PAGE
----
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WHO Prequalification Programme PowerPoint Presentation
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WHO Prequalification Programme

WHO Prequalification Programme

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WHO Prequalification Programme

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  1. WHO PrequalificationProgramme Milan Smid, M.D., Ph.D. Prequalification Programme: Priority Essential Medicines

  2. UN Prequalification Programme for Priority Essential Medicines • Action plan of UN from 2001 for expanding access of priority medicines to patients with • HIV/AIDS • Malaria • Tuberculosis • Reproductive health • Influenza • Acute diarrhoea • Potentially other categories of products, if there is the need

  3. Elements of Prequalification Programme Objective: • To ensure quality, efficacy and safety of medicines procured using international funds (e.g. GFTAM, UNITAID) Components: • Evaluation of Quality, Safety and Efficacy of prioritised Essential medicines, inspections of manufacturers and monitoring of the products after their prequalification. • Prequalification of quality control laboratories. • Building capacity of regulators, manufacturers and quality control laboratories.

  4. How prequalification is organized? • WHO manages and organizes the programme on behalf of the United Nations: • provides technical and scientific support to assessment, inspections (GMP, GCP, GLP) and quality control (GPCL) • involvement of qualified assessors and inspectors mostly from NRAs of ICH and associated countries and PIC/S inspectorates • guarantees that international norms and standards are applied all through the process • supports capacity of NRA in developingcountries to evaluate, inspect and control the quality of medicines • involvement of qualified assessors and inspectors from NRAs in developing countries • by involvement of manufacturers from development countries into the project supports their capacity to produce according to international norms and standards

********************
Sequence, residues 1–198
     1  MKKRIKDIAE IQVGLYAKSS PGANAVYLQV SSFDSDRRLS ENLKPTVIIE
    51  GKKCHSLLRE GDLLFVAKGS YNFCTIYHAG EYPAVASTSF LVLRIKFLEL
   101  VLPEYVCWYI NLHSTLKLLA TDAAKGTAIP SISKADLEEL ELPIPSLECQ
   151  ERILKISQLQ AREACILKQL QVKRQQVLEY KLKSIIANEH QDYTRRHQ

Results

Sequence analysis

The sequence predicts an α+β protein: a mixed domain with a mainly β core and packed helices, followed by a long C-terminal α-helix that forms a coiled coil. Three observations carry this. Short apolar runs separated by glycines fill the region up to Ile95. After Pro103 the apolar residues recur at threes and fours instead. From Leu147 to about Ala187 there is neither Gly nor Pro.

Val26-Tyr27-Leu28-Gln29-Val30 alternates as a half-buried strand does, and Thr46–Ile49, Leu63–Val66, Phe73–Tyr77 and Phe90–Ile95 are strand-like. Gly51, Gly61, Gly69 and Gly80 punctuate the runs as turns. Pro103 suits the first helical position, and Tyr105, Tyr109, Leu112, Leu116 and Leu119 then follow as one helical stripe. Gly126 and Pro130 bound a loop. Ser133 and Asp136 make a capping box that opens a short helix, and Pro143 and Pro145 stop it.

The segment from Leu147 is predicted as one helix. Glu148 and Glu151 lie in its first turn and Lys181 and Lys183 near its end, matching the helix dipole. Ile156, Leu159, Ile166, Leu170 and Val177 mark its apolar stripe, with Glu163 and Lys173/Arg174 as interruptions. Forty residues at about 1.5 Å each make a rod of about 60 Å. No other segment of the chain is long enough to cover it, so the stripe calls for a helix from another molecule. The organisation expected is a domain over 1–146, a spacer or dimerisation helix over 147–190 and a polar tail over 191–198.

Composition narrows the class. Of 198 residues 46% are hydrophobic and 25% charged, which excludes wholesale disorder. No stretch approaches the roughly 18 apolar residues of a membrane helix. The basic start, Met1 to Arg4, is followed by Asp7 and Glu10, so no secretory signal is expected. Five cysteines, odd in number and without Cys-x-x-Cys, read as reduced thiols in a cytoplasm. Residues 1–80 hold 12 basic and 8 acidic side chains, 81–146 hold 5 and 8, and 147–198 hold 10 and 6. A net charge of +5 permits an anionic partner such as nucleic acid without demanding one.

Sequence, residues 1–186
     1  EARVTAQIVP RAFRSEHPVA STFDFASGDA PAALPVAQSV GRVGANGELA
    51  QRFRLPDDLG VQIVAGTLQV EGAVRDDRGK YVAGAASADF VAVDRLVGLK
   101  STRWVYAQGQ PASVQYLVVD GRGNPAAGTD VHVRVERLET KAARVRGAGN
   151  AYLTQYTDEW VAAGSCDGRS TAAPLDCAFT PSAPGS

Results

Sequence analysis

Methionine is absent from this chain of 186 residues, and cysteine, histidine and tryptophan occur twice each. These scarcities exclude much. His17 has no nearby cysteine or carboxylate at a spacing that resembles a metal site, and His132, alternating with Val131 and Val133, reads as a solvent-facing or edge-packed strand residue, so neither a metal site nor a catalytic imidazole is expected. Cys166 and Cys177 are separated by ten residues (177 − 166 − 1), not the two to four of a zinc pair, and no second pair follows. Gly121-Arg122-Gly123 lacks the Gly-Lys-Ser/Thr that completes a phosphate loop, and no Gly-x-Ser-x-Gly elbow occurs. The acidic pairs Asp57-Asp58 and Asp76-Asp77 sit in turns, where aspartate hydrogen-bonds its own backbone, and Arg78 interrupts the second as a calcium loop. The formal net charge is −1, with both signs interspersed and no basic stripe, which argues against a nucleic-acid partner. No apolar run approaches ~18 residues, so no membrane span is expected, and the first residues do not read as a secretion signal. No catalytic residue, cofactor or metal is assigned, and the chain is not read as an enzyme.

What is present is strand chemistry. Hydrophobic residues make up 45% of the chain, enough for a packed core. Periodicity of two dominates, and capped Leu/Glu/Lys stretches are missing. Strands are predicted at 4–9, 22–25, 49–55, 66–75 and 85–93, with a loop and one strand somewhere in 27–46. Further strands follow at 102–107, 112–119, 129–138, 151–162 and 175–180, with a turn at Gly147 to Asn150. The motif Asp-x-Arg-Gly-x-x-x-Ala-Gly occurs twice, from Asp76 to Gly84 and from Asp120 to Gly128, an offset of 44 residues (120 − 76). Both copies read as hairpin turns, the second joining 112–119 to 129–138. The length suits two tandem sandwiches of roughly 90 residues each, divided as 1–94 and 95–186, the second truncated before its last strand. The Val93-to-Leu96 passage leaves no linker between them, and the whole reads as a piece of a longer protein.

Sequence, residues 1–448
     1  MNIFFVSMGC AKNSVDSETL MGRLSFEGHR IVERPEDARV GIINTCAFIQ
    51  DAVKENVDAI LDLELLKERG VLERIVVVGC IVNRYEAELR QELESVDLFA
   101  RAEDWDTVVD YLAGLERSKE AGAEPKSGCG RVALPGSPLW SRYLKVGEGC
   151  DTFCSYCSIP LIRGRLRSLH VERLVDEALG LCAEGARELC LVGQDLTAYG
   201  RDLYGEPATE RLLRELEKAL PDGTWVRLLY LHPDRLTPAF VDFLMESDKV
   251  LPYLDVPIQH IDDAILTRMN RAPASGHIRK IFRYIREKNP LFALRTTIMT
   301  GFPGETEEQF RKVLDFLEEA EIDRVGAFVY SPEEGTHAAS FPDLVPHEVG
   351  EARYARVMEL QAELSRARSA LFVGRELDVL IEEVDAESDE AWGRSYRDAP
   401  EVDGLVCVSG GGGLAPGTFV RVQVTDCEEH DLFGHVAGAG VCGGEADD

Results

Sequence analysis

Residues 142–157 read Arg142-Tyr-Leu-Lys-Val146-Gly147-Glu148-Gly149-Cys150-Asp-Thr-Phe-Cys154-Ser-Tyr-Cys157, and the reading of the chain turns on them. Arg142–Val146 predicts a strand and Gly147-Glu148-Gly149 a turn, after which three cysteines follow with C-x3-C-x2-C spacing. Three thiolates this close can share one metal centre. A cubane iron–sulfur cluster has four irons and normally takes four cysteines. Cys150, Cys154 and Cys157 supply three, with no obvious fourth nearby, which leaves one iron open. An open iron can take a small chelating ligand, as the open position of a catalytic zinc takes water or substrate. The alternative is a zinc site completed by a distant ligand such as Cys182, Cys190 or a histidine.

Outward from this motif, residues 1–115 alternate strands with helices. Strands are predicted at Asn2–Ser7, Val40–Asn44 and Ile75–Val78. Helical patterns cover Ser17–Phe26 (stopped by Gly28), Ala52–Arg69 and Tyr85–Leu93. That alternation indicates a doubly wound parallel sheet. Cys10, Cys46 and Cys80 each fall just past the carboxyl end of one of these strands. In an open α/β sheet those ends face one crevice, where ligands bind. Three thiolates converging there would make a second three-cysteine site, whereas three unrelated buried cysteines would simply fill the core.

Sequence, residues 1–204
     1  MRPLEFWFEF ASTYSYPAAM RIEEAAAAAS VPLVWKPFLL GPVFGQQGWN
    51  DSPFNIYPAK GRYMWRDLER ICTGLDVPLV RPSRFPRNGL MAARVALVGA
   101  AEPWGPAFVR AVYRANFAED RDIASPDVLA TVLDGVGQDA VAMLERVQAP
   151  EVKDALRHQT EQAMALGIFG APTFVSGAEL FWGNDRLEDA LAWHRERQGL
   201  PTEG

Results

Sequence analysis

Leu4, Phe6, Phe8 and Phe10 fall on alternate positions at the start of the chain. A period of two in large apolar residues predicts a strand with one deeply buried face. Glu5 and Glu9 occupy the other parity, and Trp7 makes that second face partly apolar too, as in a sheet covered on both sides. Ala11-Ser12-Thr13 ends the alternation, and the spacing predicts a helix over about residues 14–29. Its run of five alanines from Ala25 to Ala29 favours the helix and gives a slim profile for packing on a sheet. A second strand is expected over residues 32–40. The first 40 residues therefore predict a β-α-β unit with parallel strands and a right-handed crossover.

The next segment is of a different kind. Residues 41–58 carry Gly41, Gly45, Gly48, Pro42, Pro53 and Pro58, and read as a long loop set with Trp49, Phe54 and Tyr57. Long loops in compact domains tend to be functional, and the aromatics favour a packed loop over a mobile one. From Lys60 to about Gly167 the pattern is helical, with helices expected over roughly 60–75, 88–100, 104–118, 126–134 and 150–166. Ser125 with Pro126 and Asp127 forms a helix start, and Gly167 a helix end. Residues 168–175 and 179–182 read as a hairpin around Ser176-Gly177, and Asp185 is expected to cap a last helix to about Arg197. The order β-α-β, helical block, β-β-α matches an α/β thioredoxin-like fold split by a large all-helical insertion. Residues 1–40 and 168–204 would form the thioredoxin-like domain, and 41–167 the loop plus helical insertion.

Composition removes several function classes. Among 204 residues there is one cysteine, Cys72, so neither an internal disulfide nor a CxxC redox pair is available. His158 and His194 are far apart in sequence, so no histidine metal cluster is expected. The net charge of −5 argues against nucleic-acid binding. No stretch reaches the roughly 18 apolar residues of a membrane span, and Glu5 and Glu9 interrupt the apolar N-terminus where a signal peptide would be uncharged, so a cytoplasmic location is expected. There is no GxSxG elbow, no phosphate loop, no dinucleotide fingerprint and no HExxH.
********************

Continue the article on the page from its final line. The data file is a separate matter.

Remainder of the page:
5. How prequalification is organized? • WHO PQT working in co-operation with partners • UNICEF • The Global Fund to Fight AIDS, Tuberculosis and Malaria • UN Population Fund (UNFPA) • UNAIDS • World Bank • Anti-malarial and anti-TB products: Roll Back Malaria and Stop TB (Global Drug Facility); HIV/AIDS Department

  6. Essential steps of PQ evaluation procedure • Need is specified and agreed by WHO treatment programmes • Invitation for Expression of interest (EOI) is published • Interested parties submit dossiers • Dossiers receive initial screening • Full dossiers are assessed • Inspections are conducted at manufacturing sites and at CROs • Samples are tested, if needed • If outcome is positive, pharmaceutical product is listed on the website, including product information (SPC, PIL), assessment report (WHOPAR) and inspection report (WHOPIR)

  7. Essential steps of monitoring of PQ product • Variations to the dossier of prequalified product • Sampling and Testing • Reinspections • Requalification • De-listing or suspension (if and when appropriate)

  8. Standards • WHO standards as defined in WHO guidelines and International Pharmacopoeia are applied in prequalification process • If these not exist, ICH guidelines are applied • In case of need, guidelines of stringent regulatory authorities, which are involved in ICH process